BOSTON — Gerrit Cole has never pitched particularly well at Fenway Park, a trend that continued Thursday night.
But with Josh Donaldson and Aaron Hicks hitting back-to-back homers in the third inning — Donaldson’s blast was his team’s third grand slam in two days — and Wandy Peralta, Michael King and Clay Holmes picking up the slack after Cole, the Yankees edged the Red Sox, 6-5, in front of 36,876 at Fenway Park.
“They just do a great job night in and night out,” Donaldson said of the bullpen. “They’re special down there. It’s one of our big strengths as a team.”
A 60-23 team with a 14 1⁄2-game lead over the second-place Rays in the AL East (they're 15 games ahead of the Red Sox and Blue Jays).
Cole, 1-3 with a 5.06 ERA in six career starts at this venerable ballpark — including last October’s 6-2 loss in the American League wild-card game, when he failed to get out of the third inning — allowed a two-run homer by Rafael Devers in the third that brought the Red Sox within 5-2 and a three-run shot to center by Devers in the fifth that made it 6-5. Devers, who homered off Cole in the season opener at the Stadium, has six career homers in 29 plate appearances against Cole.
“I’m open for suggestions,” Cole, who actually threw the ball very well otherwise, said with a weary smile of adjustments he needs to make when facing Devers. “It’s pretty wild. There just hasn’t been a mishit. Like, roll over one time, line out one time. You’re supposed to fail seven out of 10 times in this gig. I don’t know what the deal is. We’ll just have to keep at it, man. Keep it at . . . but it didn’t beat us.”
Cole allowed five runs, five hits and three walks in six innings in which he struck out seven. Because of the Yankees’ early offense, the work of his bullpen and a poor defensive play by the Red Sox on an infield pop-up that allowed what proved to be the winning run to score, he improved to 8-2 with a 3.26 ERA.
Hicks — who gave the Yankees their third set of back-to-back homers in two games when he followed Donaldson’s 429-foot grand slam with a home run on the next pitch — tripled off the rightfield wall with two outs in the fifth inning as the ball ricocheted past Jackie Bradley Jr.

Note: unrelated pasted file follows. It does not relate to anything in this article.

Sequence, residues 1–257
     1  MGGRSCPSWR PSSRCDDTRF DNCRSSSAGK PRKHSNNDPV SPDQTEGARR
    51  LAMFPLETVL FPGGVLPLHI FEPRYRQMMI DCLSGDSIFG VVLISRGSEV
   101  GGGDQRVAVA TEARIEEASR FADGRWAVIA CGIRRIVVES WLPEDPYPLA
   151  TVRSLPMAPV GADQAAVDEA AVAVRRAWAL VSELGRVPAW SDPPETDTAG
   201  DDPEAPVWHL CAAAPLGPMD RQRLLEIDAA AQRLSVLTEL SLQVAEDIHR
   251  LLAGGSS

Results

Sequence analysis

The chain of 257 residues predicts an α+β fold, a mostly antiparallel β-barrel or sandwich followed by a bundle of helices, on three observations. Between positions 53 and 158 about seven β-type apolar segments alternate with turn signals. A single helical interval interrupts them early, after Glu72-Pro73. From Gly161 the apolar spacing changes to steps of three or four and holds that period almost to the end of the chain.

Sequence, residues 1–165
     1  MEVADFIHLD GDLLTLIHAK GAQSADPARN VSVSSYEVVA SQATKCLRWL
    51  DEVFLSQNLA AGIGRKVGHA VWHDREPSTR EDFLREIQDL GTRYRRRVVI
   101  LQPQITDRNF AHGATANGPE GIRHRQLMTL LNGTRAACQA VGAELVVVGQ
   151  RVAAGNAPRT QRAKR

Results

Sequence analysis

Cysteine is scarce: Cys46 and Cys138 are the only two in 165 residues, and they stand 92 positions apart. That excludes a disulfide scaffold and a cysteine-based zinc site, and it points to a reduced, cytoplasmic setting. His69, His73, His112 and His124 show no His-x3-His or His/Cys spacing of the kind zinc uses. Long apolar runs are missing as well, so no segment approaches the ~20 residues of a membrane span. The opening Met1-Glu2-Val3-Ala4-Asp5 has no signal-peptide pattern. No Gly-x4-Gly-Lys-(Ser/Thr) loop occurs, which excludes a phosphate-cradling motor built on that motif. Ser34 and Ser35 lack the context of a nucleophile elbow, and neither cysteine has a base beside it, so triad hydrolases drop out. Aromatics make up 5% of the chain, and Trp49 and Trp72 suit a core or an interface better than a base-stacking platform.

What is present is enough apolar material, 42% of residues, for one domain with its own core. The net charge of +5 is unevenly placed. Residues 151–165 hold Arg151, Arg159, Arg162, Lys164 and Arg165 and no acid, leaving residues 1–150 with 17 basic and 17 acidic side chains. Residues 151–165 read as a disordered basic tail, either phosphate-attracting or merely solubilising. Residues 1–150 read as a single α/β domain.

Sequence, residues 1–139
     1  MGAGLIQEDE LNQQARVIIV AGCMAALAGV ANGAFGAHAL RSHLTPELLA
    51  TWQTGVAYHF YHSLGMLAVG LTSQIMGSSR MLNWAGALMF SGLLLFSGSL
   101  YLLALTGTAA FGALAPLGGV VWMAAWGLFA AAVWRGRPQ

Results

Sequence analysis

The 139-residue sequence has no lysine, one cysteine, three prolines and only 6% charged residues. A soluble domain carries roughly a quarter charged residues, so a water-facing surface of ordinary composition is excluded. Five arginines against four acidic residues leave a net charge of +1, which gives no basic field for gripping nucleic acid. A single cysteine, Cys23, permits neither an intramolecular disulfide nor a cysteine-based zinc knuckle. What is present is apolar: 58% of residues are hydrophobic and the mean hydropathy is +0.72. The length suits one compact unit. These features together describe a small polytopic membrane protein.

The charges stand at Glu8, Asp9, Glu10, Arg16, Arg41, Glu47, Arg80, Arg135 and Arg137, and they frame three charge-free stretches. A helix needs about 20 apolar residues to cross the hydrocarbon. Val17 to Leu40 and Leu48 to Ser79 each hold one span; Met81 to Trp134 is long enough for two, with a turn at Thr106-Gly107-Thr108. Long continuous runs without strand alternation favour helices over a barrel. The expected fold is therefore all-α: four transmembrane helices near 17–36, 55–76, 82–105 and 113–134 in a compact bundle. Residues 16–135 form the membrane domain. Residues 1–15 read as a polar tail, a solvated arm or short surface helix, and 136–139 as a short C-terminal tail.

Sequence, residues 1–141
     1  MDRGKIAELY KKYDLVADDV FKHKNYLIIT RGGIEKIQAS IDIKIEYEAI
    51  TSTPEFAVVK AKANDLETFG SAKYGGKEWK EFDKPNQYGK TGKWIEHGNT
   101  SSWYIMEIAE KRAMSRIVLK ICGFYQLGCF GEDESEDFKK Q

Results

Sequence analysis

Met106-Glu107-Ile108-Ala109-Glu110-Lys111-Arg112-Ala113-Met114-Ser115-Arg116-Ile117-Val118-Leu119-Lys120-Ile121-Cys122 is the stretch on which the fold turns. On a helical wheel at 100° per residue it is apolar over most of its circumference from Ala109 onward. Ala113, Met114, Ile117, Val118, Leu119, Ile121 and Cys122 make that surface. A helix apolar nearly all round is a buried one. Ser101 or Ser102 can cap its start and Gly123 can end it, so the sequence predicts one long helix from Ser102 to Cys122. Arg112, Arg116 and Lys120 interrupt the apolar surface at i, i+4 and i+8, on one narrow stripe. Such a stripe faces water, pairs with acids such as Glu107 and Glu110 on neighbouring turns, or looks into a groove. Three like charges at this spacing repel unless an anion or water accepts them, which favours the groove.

Jose Trevino then popped to first. Franchy Cordero didn’t have to come in particularly far but, after moving in a few steps, he seemed to lose the ball, overran it, reached back and completely missed it. Trevino, running hard, made it to second with what was scored an RBI double, then changed to an error and then changed back to an RBI double.
That made it 6-2 and allowed the Yankees to withstand Devers’ second homer, a 425-foot shot to center that was his 19th of the season. His first homer traveled 434 feet.
Peralta struck out two in 1 1⁄3 innings (and retired Devers on a hard grounder to third). King walked one and fanned one in two-thirds of an inning and Holmes moved to 16-for-17 in save chances with a perfect ninth.
“They were pretty good tonight,” Aaron Boone said of his bullpen for seemingly the 40th or 50th time this season.
Boston rookie righthander Josh Winckowski, who entered the night 3-2 with a 3.12 ERA, wasn’t sharp, allowing six runs, five hits and five walks in five innings. He struck out two.
Joey Gallo, in a 2-for-36 skid, worked a leadoff walk to begin the third. After DJ LeMahieu grounded to short, Gleyber Torres singled to right to put runners at the corners. Matt Carpenter popped to short for the second out but Giancarlo Stanton worked a walk to load the bases. Donaldson then hit his sixth career grand slam, hitting a drive to dead center that he knew was gone off the bat. Hicks then ripped a shot into the Yankees’ bullpen for a 5-0 lead.
“Obviously, it was a big situation for us,” Donaldson said of the slam. “Gave us a little bit of a cushion there.”